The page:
Japanese Investors are Holding More Cash in Hand

Japanese investors’ wait-and-see approach this year is leading to a growing problem. Cash.

Having sold a record amount of overseas bonds in April, as well as domestic debt, investors have mostly held off reinvesting the proceeds. Excess reserves at the Bank of Japan from the country’s financial institutions, subject to a 0.1 percent charge, reached the highest in 13 months in April. A redemption of government bonds in June is likely to add to this cash pile, as quarter-ending months typically see four-to-five times more money returned.

Yet despite the abundance of cash at hand, there is no sense of urgency among Japan’s investors to put the money to work. A lack of decisive direction in both currency and bond markets, and lingering concerns of geopolitical risks and U.S. political turmoil have led to a wait-and-hold stance.

“It’s true cash at hand is abundant,” said Eiji Dohke, chief bond strategist at SBI Securities in Tokyo. “Investors have been selling yen bonds and foreign bonds and have shed risk exposures considerably to leave quite a capacity for investment. But they have become very cautious, after experiencing a surge in yields since last fall accompanying the Trump rally.”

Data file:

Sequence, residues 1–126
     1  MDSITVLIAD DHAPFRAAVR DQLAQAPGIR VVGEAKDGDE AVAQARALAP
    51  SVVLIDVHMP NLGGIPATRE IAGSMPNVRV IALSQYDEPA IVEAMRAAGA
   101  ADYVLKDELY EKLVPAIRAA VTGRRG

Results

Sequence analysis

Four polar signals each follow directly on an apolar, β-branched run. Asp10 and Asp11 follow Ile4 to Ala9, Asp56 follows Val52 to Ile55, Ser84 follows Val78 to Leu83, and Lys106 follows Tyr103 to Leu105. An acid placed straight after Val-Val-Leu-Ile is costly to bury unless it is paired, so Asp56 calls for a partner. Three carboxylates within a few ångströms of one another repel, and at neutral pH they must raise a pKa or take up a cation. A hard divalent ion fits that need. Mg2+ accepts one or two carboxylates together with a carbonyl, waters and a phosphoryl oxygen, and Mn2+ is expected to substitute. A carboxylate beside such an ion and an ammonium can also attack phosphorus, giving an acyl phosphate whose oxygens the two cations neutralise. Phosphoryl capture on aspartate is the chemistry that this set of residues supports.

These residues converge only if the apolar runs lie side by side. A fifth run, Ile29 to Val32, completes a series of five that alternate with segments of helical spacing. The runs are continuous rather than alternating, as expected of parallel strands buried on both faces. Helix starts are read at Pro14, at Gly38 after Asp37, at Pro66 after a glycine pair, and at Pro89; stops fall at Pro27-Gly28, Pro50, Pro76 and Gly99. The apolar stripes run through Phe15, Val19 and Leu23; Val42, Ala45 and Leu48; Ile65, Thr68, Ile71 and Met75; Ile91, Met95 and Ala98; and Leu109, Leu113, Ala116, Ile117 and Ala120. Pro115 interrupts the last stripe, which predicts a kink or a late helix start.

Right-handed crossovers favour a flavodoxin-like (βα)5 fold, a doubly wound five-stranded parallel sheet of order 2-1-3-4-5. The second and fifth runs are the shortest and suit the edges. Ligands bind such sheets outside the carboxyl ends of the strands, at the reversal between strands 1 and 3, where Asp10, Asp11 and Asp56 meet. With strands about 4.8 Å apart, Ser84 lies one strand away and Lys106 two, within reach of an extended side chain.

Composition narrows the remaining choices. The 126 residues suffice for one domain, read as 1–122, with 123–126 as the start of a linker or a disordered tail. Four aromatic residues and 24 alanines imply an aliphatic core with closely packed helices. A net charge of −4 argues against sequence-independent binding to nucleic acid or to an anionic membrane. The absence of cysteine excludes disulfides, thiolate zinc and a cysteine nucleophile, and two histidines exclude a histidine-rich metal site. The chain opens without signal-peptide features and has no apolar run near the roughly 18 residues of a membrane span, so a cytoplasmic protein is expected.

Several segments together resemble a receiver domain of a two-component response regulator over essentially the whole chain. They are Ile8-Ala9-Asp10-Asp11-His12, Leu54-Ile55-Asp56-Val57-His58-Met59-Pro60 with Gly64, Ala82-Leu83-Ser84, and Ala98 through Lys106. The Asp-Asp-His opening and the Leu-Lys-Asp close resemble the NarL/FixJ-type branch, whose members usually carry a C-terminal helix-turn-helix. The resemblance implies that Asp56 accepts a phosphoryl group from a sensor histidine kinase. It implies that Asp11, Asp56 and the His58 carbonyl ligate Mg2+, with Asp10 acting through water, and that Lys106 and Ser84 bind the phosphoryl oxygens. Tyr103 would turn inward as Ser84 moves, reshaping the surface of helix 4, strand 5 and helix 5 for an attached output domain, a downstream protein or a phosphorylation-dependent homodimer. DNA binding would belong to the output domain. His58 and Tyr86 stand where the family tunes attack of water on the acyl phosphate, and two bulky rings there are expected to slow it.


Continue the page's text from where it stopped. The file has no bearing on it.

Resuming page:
vai Bloomberg

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Alfonso Esparza

Alfonso Esparza

Senior Currency Analyst at Market Pulse
Alfonso Esparza specializes in macro forex strategies for North American and major currency pairs. Upon joining OANDA in 2007, Alfonso Esparza established the MarketPulseFX blog and he has since written extensively about central banks and global economic and political trends. Alfonso has also worked as a professional currency trader focused on North America and emerging markets. He has been published by The MarketWatch, Reuters, the Wall Street Journal and The Globe and Mail, and he also appears regularly as a guest commentator on networks including Bloomberg and BNN. He holds a finance degree from the Monterrey Institute of Technology and Higher Education (ITESM) and an MBA with a specialization on financial engineering and marketing from the University of Toronto.
Alfonso Esparza